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Students on the steps of the Information Services Building

Catherine Roughton.
Catherine Roughton


For honours Zoology student Catherine Roughton, 2003 was the summer of the skink. Conducting the field work for her fourth year research project meant time spent with binoculars stalking lizards in the barren country around Macraes Flat.

"I was staying in a Department of Conservation hut with another Zoology student and some DOC workers. So it was a nice balance of time spent alone and with others."

Catherine says that a love of animals led her to the study of Zoology, and that she chose Otago for the strength of its science programmes.

"It's very exciting being able to study real animals. From second year onwards we were looking at all aspects - from their habitat and function through to their physiology."

Now she is enjoying the opportunity to engage in original research. Her project is focused on two species of endangered giant skinks, Otago and grand skinks.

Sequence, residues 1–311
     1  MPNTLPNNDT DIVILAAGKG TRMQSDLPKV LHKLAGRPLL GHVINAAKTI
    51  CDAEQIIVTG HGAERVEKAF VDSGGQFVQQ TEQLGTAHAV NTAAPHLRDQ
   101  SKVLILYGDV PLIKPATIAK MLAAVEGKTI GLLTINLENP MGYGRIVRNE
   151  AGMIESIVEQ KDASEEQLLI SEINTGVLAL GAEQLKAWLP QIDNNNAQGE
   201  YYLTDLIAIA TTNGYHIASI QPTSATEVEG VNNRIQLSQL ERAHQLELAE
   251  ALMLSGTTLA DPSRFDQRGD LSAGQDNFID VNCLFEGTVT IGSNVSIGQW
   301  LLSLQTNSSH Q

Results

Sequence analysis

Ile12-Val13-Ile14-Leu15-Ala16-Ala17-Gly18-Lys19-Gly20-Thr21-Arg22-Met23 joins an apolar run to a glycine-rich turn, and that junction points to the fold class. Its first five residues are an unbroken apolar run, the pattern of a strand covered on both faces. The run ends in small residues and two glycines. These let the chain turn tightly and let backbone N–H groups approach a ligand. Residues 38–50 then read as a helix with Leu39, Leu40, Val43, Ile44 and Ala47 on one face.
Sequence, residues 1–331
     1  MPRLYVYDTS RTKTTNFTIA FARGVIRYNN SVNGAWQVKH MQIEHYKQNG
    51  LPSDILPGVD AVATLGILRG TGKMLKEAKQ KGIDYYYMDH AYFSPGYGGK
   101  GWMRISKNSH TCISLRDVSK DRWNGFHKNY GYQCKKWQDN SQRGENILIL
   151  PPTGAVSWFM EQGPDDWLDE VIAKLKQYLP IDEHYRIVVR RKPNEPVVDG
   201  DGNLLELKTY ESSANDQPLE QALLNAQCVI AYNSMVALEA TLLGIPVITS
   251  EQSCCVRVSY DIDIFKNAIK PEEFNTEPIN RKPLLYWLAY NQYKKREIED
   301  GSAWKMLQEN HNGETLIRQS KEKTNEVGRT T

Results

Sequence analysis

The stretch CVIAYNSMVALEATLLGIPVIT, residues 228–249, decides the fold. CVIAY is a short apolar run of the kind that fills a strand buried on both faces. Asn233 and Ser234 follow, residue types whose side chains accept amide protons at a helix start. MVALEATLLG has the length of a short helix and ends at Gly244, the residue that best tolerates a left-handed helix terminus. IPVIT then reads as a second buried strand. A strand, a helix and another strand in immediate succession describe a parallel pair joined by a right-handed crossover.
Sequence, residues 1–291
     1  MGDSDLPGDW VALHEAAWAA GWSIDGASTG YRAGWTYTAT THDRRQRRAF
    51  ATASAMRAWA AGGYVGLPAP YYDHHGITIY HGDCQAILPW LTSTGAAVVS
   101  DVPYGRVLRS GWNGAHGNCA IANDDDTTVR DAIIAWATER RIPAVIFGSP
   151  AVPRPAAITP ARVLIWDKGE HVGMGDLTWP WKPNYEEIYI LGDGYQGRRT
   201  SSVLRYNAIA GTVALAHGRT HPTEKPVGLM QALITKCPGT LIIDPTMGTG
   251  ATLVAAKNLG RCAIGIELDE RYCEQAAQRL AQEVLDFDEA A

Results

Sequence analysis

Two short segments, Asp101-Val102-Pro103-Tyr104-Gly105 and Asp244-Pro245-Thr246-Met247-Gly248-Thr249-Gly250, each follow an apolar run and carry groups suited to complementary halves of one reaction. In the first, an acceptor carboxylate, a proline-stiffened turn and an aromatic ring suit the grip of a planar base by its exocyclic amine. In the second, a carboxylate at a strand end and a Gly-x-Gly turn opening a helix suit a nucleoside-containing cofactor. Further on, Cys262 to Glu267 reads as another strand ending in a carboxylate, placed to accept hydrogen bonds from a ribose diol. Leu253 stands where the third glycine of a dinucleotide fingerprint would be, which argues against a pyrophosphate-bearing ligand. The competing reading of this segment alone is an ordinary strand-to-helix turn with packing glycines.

Catherine Roughton 2. "With endangered species it's important to be able to keep track of numbers," she explains. "However, skinks are notoriously hard to spot. So I'm looking at a method of manually counting skinks in sample areas for the Department of Conservation. Hence the binoculars."

Having completed her field research, she is at the data-entry stage of her project. And already she is looking forward to possible future options for when she completes her degree.

"The course at Otago has a real New Zealand focus, which has been excellent. But when I finish it might be nice to study overseas animals. At the moment I'm thinking about the possibility of research in Alaska - possibly with polar bears."

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